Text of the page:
By Arnie Alpert
Arnie Alpert spent decades as a community organizer/educator in NH movements for social justice and peace. Officially retired since 2020, he keeps his hands (and feet) in the activist world while writing about past and present social movements. He is also an InDepthNH columnist.
One of the great privileges of my career with the American Friends Service Committee was spending a few days with Jim Bristol, when he came to New Hampshire in 1991 to speak about the Rev. Dr. Martin Luther King, Jr. As AFSC’s representative in India, Jim and his wife Dorothy Bristol had hosted Dr. King and his wife, Coretta Scott King, when they visited the Indian subcontinent in 1959 to learn about the Gandhian movement.
Bristol, who was 79 years old, had a serious heart condition that would claim his life a year and a half later. He walked slowly and occasionally popped nitroglycerin tablets, but his mind and memory were sharp. We were on the road to a speaking engagement at Keene State College when news broke that the United States had begun bombing Iraq in what would be our first Persian Gulf war.
Bristol’s trip to New Hampshire, part of an effort to build support for a state holiday named for Dr. King, brought him to events in Bethlehem, Littleton, Rochester, Concord, Lancaster, Groveton, Weare, and Goffstown, in addition to Keene. Speaking to students in Keene, he dropped plans to talk about King’s trip to India and instead led a reflection on pacifist obligations in a time of war.
Bristol had long and deep experience to draw upon. As a Lutheran pastor, he had organized sit-ins to protest racial segregation in the 1930s. When World War II began, he refused a ministerial exemption and spent 19 months in prison instead of violating his pacifist beliefs. Later he worked alongside liberation movements in southern Africa and supported draft resisters and conscientious objectors during the U.S. war in Vietnam. He was still serving on the board of the Central Committee for Conscientious Objectors at the time of his New Hampshire visit.
In time of war, those who are committed to peace have three responsibilities, he said. First, organize to end the war as soon as possible. Second, provide humanitarian assistance to those who need it. Third, and most important, prepare to support reconciliation when the fighting ceases. Speaking to a Keene Sentinel reporter the following day, he said, “It seems that somebody or some people has to break that circle of violence.”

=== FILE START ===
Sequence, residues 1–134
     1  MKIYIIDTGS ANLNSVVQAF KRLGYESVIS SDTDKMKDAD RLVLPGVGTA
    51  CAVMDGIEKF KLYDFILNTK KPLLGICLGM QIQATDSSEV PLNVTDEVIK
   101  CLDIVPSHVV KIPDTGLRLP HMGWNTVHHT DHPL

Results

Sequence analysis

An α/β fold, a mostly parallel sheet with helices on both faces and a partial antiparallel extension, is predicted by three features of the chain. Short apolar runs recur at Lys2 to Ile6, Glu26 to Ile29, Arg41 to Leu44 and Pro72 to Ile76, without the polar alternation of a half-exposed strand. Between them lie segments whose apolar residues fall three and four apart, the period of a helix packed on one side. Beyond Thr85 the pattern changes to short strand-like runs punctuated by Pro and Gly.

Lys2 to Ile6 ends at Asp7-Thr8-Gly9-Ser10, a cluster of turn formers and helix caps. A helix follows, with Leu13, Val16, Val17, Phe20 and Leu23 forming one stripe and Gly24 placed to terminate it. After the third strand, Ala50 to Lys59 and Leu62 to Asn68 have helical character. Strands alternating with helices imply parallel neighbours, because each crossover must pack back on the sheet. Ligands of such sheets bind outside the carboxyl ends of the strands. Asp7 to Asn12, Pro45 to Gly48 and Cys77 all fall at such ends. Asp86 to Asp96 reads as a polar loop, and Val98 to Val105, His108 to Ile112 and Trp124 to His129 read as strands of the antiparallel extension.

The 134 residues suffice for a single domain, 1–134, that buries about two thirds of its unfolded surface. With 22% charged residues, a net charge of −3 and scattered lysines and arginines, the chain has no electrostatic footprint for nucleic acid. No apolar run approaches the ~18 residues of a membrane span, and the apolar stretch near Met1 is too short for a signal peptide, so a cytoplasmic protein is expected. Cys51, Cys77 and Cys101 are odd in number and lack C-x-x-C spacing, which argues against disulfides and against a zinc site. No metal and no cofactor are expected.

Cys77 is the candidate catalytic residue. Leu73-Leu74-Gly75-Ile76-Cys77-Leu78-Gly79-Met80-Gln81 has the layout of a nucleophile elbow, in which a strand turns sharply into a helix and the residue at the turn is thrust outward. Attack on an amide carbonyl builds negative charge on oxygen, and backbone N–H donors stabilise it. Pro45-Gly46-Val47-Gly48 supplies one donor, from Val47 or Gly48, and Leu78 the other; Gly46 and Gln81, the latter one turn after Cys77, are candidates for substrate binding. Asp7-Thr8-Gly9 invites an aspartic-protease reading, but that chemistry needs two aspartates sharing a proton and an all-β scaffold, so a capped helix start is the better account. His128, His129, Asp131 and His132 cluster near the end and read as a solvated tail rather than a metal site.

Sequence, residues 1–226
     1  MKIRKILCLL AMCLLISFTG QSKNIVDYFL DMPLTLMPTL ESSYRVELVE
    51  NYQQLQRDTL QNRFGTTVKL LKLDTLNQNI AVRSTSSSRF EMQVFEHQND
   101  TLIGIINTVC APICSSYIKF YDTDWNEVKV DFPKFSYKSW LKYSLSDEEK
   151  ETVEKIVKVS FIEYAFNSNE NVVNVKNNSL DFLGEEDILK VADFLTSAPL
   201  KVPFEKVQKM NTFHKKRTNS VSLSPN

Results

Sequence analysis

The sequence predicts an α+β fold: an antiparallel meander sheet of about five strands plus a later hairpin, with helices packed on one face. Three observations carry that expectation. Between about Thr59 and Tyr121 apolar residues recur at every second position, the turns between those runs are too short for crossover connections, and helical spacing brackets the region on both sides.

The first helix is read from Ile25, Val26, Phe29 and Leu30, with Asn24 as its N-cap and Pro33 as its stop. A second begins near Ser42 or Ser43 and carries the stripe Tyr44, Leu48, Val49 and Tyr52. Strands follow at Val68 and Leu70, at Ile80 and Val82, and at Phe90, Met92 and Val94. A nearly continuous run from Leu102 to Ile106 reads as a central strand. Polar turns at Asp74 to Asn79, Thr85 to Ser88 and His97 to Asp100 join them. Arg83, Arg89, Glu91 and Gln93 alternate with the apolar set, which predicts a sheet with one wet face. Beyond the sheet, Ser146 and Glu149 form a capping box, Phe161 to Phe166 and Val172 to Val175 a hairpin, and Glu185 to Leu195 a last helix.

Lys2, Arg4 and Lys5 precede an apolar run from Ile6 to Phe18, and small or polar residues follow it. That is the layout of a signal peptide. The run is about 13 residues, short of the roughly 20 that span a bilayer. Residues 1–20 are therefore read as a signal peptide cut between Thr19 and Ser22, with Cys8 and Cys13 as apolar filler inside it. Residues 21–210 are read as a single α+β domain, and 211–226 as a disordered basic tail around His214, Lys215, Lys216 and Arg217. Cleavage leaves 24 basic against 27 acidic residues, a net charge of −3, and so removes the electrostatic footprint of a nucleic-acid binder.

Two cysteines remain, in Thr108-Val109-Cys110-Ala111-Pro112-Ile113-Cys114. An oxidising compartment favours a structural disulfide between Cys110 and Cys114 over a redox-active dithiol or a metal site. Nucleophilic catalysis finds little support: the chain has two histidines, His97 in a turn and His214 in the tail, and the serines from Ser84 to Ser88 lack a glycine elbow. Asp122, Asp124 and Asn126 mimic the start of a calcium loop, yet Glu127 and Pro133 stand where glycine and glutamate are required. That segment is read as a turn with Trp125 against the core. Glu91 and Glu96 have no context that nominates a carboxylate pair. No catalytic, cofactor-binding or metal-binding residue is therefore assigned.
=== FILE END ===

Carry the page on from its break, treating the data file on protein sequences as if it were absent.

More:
Jim Bristol’s wisdom came back to me when I read a November 16 NY Times article about a new generation of Palestinian and Israeli peacemakers “who want to be part of the dialogue about the ‘day after,’ when the guns go silent, and Israelis and Palestinians are forced to grapple again with how to live with each other.”
Dr. King thought, too, about pathways to peace, which he understood to be “the presence of justice,” not just the absence of violence. In his Nobel Prize lecture delivered in 1964, Dr. King said, “I am not unmindful of the fact that violence often brings about momentary results. Nations have frequently won their independence in battle. But in spite of temporary victories, violence never brings permanent peace. It solves no social problem: it merely creates new and more complicated ones.” This is the dynamic we see playing out in real time in Palestine and Israel.
According to the Times, the young Palestinian and Israeli peacemakers “acknowledge the hurdles to rearranging a diplomatic puzzle that has bedeviled world leaders and their envoys for decades. Even talking about peace at a time of scorched-earth war, they say, can seem fanciful.”
But however fanciful, it is no more naïve than the notion that liberation and security can be achieved by hostage taking, attacks on civilians, and systematic denial of access to food, water, and health care.
“Violence is impractical,” King said in his Nobel lecture, “because it is a descending spiral ending in destruction for all. It is immoral because it seeks to humiliate the opponent rather than win his understanding: it seeks to annihilate rather than convert. Violence is immoral because it thrives on hatred rather than love. It destroys community and makes brotherhood impossible. It leaves society in monologue rather than dialogue. Violence ends up defeating itself. It creates bitterness in the survivors and brutality in the destroyers.”
He also said, “Darkness cannot drive out darkness, only light can do that.”
Today the NY Times published another article about two Israeli citizens, a young Palestinian woman and a Jewish man, touring the United States to talk about how two peoples can share the same land. It’s a steep uphill mission, but let’s cheer for the light. Somebody has to break the cycle of violence.
Disclaimer: The opinions expressed here belong to Arnie Alpert, not to InDepthNH.org.